So when you approach a woman who rejects you, it’s not that she does a quick mental tally in her head of what shoes you’re wearing, the angle of your posture, your facial features, how funny your line was, and what your friends look like, adding them all together and then taking a mental note of how her friends will think of her if she responds well to you. She just gets an instant gut reaction of yes or no. And will then base her behavior on that. If she does bother to come up with a reason why she’s rejecting you, her mind will then search for a benign (and maybe irrelevant) excuse such as your nasty shoes. Does this mean she’s shallow? Does it mean your shoes are ruining your game? Does this mean that it’s even true?
Not necessarily. When women meet a guy (or when we meet a woman), we’re looking for “that feeling,” and if you don’t give her “that feeling,” then the exact reason is often impossible to know, and any exact reason given is probably only part of the story. Our sexual reactions to each other are a combination of so many factors both conscious and unconscious, that we’ll never be able to pinpoint them all with any certainty. And not only that, but what may cause one woman to feel positively (let’s say, having tattoos on your arms), may make another woman feel a completely different way.
So instead of looking at what words work the best in dating scenarios, or even what actions work the best in dating scenarios, we should pay attention to what emotions we should elicit for the best results. Again, being physically aggressive may turn one woman on but intimidate another. Self-deprecating wise-cracks may make you look like a loser to one woman but humble and charming to another. What’s important is zeroing in on the emotional motivation behind her judgments and perceptions, not the actual judgments or perceptions themselves.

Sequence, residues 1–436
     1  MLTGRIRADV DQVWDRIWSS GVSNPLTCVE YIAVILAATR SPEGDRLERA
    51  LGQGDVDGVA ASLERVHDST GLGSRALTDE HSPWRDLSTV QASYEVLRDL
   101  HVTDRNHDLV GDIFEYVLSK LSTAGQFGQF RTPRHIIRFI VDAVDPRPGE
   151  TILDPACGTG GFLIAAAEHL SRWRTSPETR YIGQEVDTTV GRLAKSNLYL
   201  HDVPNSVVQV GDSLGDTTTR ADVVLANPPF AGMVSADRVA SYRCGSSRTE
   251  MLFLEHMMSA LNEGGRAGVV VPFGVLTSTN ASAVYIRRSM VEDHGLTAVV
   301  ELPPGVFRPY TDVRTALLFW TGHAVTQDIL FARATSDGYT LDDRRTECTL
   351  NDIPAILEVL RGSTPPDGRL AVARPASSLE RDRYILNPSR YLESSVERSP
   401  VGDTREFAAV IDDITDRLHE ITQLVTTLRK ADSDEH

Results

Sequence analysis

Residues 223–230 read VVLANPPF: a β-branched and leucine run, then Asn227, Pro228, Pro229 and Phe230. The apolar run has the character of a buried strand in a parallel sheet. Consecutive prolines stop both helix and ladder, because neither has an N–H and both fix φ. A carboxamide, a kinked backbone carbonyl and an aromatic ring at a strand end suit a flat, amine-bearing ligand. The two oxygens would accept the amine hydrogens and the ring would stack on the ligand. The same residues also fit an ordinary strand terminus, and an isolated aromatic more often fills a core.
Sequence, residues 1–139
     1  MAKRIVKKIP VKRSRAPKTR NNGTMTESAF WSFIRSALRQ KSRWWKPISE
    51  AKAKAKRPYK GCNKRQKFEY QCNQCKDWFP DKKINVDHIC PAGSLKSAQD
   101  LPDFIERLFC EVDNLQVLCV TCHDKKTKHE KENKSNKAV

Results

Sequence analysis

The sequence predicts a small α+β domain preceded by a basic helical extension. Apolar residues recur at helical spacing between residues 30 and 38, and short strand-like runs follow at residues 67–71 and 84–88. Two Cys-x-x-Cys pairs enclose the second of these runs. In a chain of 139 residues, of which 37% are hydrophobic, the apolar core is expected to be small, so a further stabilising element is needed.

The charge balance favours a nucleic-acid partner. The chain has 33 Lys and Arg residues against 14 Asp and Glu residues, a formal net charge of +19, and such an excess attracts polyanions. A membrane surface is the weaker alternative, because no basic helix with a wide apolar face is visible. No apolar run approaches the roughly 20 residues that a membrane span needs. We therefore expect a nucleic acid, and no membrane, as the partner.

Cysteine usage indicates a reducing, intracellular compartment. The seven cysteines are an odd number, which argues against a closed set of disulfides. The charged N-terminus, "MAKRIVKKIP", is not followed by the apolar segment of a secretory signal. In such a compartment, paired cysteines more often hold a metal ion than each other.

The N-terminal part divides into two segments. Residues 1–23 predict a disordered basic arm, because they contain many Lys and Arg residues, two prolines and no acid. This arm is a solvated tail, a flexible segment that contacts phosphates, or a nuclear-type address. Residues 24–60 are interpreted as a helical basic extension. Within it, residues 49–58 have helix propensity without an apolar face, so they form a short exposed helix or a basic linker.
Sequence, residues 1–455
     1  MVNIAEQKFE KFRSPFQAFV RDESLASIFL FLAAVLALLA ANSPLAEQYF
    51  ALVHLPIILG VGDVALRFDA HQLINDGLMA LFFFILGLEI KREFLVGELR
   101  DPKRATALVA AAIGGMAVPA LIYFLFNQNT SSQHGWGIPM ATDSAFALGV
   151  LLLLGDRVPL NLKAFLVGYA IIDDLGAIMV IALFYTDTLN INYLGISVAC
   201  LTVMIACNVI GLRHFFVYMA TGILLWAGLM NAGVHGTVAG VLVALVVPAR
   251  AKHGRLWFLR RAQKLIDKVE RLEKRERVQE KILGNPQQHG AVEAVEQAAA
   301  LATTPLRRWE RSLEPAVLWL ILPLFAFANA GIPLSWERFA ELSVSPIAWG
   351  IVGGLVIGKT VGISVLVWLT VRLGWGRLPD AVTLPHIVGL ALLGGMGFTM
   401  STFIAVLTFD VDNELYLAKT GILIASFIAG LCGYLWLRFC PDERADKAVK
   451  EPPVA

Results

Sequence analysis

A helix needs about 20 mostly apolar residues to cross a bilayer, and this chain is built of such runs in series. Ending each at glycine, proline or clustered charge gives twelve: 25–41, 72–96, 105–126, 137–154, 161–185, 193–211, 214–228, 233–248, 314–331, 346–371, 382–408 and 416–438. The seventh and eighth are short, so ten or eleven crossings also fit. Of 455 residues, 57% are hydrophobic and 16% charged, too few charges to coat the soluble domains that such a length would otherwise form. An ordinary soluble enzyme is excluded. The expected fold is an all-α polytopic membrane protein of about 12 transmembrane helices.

This may sound difficult or complicated, but it’s actually quite the opposite. There’s little logical to learn. It’s merely an exercise of practicing empathy and intuiting what others are feeling rather than thinking and analyzing their surface reactions. It’s removing your mental blocks, rather than erecting new models of information.
I’ve zeroed in on what I consider to be the three primary emotional motivators when it comes to sex, dating and relationships. These three motivators exist for everyone, both men and women, straight and homosexual, old and young. And how we meet them or don’t meet them determines the quality and duration of our interactions and relationships.
Fundamental Emotional Needs in Dating:
1. Status (Feeling important or superior, feeling challenged)
2. Connection (Feeling understood and appreciated, shared values and experiences)
3. Security (Feeling safe and reliable, trust)
These three emotional triggers are universal. We all have them and our willingness to become sexual or intimate with someone is based on these three triggers and how we prioritize them. Some of us prioritize the search for status and challenge far more than security and trust. Others seek out connection and appreciation and aren’t as interested in status.
It’s common in relationships or interactions to feel ambivalent or slightly torn with the woman you’re with. You kind of like her, but you wonder if there’s someone else you’ll like more that you haven’t met yet. You really like her when she’s alone with you, but when she’s with her friends, she can be a cold bitch. In fact, this sort of ambivalence is often the rule with people we date, not the exception.